History revealed as old Forks High School building of 'Twilight' fame becomes a memory
Lonnie Archibald/for Peninsula Daily News
Construction worker Tony Conlin examines the cornerstone. The old building is in the background.
Lonnie Archibald/for Peninsula Daily News
Diana Reaume, superintendent of Quillayute Valley School District, and Bill Henderson, district maintenance supervisor, examine scraps of newspaper found behind the cornerstone pulled from the 1925 portion of Forks High School. The newspaper, believed to be the Olympic Leader-Tribune, a weekly, is badly deteriorated and almost unreadable.
By Arwyn Rice
Peninsula Daily News
Print This | Email This
Most Popular this week
Rollover wreck in Port Angeles cuts utility pole in half; driver investigated for DUI while passenger goes to hospital
Pay of Clallam County elected officials may be frozen — including salaries of anyone elected on current ballot
Inside a legal pot procession operation: Testing and packaging equipment — and lots of security [**Gallery**]
But the venerable building still has more history to reveal.
One time capsule was opened this month and two more thought to be on the old school campus will be investigated later, and part of the facade will be preserved.
The oldest portions of Forks High School — made famous literarily in the Twilight series of teen romance novels — became doomed after an $11 million school construction bond was approved to raze them and build new school buildings.
Attempts were made to save the historic facade — which had great sentimental value for its generations of graduates and was a popular spot for Twilight fans to have their pictures taken in front of the entrance proclaiming “Quillayute High School.”
But the condition of the 86-year-old brick-and-mortar facade was too poor to save without expensive renovations.
A community effort to raise the $287,000 needed to save the facade raised only a few thousand dollars.
The school district asked the demolition crew to hold off until the last possible moment, Quillayute Valley School District Superintendent Diana Reaume said.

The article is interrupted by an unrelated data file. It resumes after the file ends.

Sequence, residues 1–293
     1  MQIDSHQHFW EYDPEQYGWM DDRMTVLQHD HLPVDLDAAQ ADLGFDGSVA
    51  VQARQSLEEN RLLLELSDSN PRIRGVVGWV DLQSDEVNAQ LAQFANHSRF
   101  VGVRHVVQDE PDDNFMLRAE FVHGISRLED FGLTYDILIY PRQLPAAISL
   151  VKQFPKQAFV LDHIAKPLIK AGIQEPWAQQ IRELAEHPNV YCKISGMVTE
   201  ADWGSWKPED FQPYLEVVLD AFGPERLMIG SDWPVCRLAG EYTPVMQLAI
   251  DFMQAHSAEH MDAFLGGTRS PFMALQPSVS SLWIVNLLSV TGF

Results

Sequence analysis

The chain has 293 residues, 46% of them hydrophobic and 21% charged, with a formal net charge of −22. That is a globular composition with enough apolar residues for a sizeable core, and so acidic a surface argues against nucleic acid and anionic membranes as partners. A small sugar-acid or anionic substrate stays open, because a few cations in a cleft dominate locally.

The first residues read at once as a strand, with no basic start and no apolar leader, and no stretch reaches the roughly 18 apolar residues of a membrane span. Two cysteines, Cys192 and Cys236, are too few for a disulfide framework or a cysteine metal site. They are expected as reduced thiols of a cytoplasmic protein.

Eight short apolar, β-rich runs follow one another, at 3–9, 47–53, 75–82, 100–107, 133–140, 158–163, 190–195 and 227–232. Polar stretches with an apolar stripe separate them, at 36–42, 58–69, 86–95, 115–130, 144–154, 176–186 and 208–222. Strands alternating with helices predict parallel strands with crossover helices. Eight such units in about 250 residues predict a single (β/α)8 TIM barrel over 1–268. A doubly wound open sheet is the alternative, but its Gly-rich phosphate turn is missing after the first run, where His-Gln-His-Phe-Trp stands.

There was hope that a donor would come through in the eleventh hour, but time ran out, Reaume said.
In March, the demolition crew had done as much as it could while working around and protecting the facade, she said.
There was still no funding to preserve the facade, so the Quillayute Valley School Board made the decision to tear it down.
On June 16, the facade came down, and bricks were piled in heaps nearby. All that remained were the foundation and the 1925 cornerstone.
A small group was present the removal of the terra cotta cornerstone and uncovering of the time capsule that “everyone knew” was placed there during its construction in the early 1920s, Maintenance Supervisor Bill Henderson said.
When the cornerstone was pulled out, the crew found a hollow in the back with a piece of newsprint.
The only thing found in the cornerstone was an old, musty newspaper.
“It wasn't much of a time capsule,” Henderson said.
There was no evidence that there was anything like the modern concept of a time capsule placed in the wall behind the original cornerstone, he said.
The newspaper remnants were sealed in a plastic bag and taken by Reaume to see what could be learned from it.
Adrian Fuhrman, a Forks historian, was able to identify the deteriorated newspaper as a 1925 edition of the Olympic-Tribune — a weekly newspaper published by the Port Angeles Evening News, predecessor of the Peninsula Daily News.
But the deterioration is so bad, she hasn't been able to find additional details, including the exact issue date.
It was Fuhrman's late mother-in-law, Magda Kaemmle, who knew of the time capsule, said West End author and photographer Lonnie Archibald, whose work as a freelance photographer is often published in the PDN.
Kaemmle was a graduate of the very first graduating class of Quillayute Union High School.
She shared her experience of watching the placement of the time capsule with Archibald, who included the information in his book, There Was a Day.
As part of the school's conditional use permit, the old terra cotta cornerstone and lintel, engraved with “Quillayute High School,” will be preserved as part of the interior of the new high school, Reaume said.
The old elements will be installed on the indoor portion of the new school's double entryway, which will be called “Heritage Hall”
The indoor location will protect the old cornerstone and lintel, while new 1925 and 2011 cornerstones — and a matching “Forks High School” lintel — will be installed outside.
“We're going to incorporate the old into the new,” Reaume said.
The school also plans to continue the tradition of time capsules, she said.
A new time capsule will be placed behind the 2011 cornerstone to be found when — far in the future — the new structure is ready to be replaced.
This one will be done right, Reaume said.
Contents of the new time capsule will be chosen by current high school students.
If there are paper products included in the new time capsule, it will be encased in an acid-free, sealed container to protect the contents, she said.
The 1925 time capsule was something of a letdown, but there may be two more chances for time capsules.
School records show that there are two more time capsules hidden on the old high school property, from 1963 and 1994, Reaume said.
Each was created and buried by the graduating classes of those years.
Both are buried underground in recorded locations, Reaume said.
Once the rubble that litters the old schoolgrounds is removed, the time capsules will be located using a metal detector, she said.
Reporter Arwyn Rice can be reached at 360-417-3535 or at email@example.com.
Last modified: June 26. 2011 9:53PM